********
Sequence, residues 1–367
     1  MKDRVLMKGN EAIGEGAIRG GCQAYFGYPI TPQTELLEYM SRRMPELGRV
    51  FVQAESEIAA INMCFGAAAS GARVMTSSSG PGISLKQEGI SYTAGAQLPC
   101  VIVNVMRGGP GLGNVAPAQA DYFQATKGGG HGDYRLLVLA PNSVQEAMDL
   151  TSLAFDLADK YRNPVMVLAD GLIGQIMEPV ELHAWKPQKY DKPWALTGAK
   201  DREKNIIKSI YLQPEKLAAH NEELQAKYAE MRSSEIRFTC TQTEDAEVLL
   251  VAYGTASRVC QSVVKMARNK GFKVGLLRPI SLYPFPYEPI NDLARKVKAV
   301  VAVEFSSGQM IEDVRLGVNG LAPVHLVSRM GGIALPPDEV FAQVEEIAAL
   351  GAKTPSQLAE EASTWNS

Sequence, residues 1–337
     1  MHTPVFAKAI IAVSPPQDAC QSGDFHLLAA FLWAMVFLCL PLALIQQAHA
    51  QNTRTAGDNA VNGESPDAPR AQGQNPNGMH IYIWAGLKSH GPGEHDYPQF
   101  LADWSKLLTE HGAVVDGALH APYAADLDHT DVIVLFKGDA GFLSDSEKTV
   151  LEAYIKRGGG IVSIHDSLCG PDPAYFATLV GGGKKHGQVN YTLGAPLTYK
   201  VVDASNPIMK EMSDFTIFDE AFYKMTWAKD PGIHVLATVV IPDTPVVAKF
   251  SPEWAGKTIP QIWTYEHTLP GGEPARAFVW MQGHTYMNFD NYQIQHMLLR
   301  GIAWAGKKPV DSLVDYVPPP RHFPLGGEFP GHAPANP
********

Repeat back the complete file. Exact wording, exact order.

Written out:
Sequence, residues 1–367
     1  MKDRVLMKGN EAIGEGAIRG GCQAYFGYPI TPQTELLEYM SRRMPELGRV
    51  FVQAESEIAA INMCFGAAAS GARVMTSSSG PGISLKQEGI SYTAGAQLPC
   101  VIVNVMRGGP GLGNVAPAQA DYFQATKGGG HGDYRLLVLA PNSVQEAMDL
   151  TSLAFDLADK YRNPVMVLAD GLIGQIMEPV ELHAWKPQKY DKPWALTGAK
   201  DREKNIIKSI YLQPEKLAAH NEELQAKYAE MRSSEIRFTC TQTEDAEVLL
   251  VAYGTASRVC QSVVKMARNK GFKVGLLRPI SLYPFPYEPI NDLARKVKAV
   301  VAVEFSSGQM IEDVRLGVNG LAPVHLVSRM GGIALPPDEV FAQVEEIAAL
   351  GAKTPSQLAE EASTWNS

Sequence, residues 1–337
     1  MHTPVFAKAI IAVSPPQDAC QSGDFHLLAA FLWAMVFLCL PLALIQQAHA
    51  QNTRTAGDNA VNGESPDAPR AQGQNPNGMH IYIWAGLKSH GPGEHDYPQF
   101  LADWSKLLTE HGAVVDGALH APYAADLDHT DVIVLFKGDA GFLSDSEKTV
   151  LEAYIKRGGG IVSIHDSLCG PDPAYFATLV GGGKKHGQVN YTLGAPLTYK
   201  VVDASNPIMK EMSDFTIFDE AFYKMTWAKD PGIHVLATVV IPDTPVVAKF
   251  SPEWAGKTIP QIWTYEHTLP GGEPARAFVW MQGHTYMNFD NYQIQHMLLR
   301  GIAWAGKKPV DSLVDYVPPP RHFPLGGEFP GHAPANP